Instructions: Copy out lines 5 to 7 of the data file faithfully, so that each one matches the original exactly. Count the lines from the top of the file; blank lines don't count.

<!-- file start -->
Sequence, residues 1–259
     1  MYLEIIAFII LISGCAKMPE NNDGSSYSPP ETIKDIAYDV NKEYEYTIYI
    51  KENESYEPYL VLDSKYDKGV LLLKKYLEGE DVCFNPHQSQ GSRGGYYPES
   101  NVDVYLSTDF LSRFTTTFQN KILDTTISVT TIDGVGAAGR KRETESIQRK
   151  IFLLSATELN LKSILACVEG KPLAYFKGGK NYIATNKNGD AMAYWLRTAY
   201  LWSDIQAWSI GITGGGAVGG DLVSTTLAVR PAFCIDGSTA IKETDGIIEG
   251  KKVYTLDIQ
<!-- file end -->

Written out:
   151  IFLLSATELN LKSILACVEG KPLAYFKGGK NYIATNKNGD AMAYWLRTAY
   201  LWSDIQAWSI GITGGGAVGG DLVSTTLAVR PAFCIDGSTA IKETDGIIEG
   251  KKVYTLDIQ